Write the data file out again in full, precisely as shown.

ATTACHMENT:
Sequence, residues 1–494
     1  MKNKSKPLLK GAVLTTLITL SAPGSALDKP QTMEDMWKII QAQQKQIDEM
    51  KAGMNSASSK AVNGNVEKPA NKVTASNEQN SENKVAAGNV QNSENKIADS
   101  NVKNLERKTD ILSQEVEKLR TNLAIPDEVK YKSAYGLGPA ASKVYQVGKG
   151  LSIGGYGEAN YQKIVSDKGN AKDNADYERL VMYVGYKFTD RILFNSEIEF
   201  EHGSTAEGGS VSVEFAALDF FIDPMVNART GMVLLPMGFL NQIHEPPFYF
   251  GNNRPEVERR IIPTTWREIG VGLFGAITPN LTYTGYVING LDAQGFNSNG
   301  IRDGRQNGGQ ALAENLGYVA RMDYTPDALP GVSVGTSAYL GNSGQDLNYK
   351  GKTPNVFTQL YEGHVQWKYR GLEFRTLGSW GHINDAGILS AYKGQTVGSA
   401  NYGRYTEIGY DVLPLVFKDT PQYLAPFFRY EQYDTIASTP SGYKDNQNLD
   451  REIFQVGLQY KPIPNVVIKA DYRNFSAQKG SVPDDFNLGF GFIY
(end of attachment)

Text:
Sequence, residues 1–494
     1  MKNKSKPLLK GAVLTTLITL SAPGSALDKP QTMEDMWKII QAQQKQIDEM
    51  KAGMNSASSK AVNGNVEKPA NKVTASNEQN SENKVAAGNV QNSENKIADS
   101  NVKNLERKTD ILSQEVEKLR TNLAIPDEVK YKSAYGLGPA ASKVYQVGKG
   151  LSIGGYGEAN YQKIVSDKGN AKDNADYERL VMYVGYKFTD RILFNSEIEF
   201  EHGSTAEGGS VSVEFAALDF FIDPMVNART GMVLLPMGFL NQIHEPPFYF
   251  GNNRPEVERR IIPTTWREIG VGLFGAITPN LTYTGYVING LDAQGFNSNG
   301  IRDGRQNGGQ ALAENLGYVA RMDYTPDALP GVSVGTSAYL GNSGQDLNYK
   351  GKTPNVFTQL YEGHVQWKYR GLEFRTLGSW GHINDAGILS AYKGQTVGSA
   401  NYGRYTEIGY DVLPLVFKDT PQYLAPFFRY EQYDTIASTP SGYKDNQNLD
   451  REIFQVGLQY KPIPNVVIKA DYRNFSAQKG SVPDDFNLGF GFIY